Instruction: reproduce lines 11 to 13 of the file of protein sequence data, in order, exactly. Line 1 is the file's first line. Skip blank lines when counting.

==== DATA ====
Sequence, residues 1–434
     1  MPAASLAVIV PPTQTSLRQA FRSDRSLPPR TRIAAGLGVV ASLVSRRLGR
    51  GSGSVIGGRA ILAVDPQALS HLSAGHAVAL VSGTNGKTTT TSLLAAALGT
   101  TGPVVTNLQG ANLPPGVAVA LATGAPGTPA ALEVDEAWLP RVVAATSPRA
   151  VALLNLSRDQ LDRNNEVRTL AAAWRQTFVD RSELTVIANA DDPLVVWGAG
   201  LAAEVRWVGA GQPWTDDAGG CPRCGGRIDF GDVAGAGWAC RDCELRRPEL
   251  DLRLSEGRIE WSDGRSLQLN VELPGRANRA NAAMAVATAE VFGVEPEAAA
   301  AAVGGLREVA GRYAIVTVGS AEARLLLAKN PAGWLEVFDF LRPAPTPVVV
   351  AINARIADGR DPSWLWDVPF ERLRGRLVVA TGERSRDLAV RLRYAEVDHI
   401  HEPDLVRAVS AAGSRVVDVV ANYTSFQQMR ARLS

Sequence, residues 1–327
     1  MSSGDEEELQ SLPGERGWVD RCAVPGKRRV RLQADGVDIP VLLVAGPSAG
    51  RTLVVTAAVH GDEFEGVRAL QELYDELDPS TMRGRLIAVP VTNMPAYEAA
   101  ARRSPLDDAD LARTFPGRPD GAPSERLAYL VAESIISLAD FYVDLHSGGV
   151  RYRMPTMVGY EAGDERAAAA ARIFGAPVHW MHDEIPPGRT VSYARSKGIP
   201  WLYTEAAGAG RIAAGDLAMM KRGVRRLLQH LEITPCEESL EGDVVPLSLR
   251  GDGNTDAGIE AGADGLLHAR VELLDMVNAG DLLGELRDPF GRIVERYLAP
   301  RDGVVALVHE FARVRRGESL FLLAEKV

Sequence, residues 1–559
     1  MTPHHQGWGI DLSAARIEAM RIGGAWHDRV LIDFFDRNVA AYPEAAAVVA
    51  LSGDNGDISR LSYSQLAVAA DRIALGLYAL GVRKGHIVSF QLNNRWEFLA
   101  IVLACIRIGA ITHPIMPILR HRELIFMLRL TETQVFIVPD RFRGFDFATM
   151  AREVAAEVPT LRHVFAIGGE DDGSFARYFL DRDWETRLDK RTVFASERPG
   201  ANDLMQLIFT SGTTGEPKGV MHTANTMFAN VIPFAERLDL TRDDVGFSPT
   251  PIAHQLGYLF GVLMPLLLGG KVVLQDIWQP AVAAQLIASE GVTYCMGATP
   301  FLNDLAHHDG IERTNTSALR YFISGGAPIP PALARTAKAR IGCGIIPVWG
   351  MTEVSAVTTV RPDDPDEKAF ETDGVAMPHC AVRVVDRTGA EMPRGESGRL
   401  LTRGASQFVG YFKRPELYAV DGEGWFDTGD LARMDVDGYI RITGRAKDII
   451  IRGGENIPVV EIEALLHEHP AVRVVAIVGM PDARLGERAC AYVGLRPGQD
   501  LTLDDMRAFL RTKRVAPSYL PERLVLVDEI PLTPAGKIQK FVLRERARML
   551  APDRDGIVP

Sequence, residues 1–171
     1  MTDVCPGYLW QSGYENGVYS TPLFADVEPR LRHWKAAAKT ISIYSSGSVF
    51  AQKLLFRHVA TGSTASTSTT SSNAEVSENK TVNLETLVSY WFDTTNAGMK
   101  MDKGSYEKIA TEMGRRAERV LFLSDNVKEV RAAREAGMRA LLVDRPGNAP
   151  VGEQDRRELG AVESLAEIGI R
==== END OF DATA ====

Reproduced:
Sequence, residues 1–327
     1  MSSGDEEELQ SLPGERGWVD RCAVPGKRRV RLQADGVDIP VLLVAGPSAG
    51  RTLVVTAAVH GDEFEGVRAL QELYDELDPS TMRGRLIAVP VTNMPAYEAA